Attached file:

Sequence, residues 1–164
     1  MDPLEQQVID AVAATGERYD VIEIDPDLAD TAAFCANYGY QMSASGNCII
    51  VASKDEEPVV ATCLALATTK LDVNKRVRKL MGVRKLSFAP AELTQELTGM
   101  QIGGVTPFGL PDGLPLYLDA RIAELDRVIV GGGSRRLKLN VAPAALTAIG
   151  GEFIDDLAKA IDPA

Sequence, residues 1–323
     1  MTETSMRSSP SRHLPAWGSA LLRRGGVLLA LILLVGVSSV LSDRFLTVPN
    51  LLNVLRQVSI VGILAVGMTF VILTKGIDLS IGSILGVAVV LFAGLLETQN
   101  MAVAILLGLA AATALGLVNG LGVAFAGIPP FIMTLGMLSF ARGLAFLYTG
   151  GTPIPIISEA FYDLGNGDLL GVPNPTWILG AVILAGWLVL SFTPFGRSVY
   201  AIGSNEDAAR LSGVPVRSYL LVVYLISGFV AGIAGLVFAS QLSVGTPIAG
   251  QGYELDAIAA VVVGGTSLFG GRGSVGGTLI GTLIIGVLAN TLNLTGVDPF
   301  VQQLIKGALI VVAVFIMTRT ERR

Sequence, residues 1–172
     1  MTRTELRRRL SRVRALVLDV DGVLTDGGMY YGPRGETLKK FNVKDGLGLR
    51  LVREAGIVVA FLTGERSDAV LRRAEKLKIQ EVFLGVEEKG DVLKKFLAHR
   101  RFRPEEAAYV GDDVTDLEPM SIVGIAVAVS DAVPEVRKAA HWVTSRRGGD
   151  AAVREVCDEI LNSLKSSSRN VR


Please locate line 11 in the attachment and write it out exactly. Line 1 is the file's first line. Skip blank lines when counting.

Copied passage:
   201  AIGSNEDAAR LSGVPVRSYL LVVYLISGFV AGIAGLVFAS QLSVGTPIAG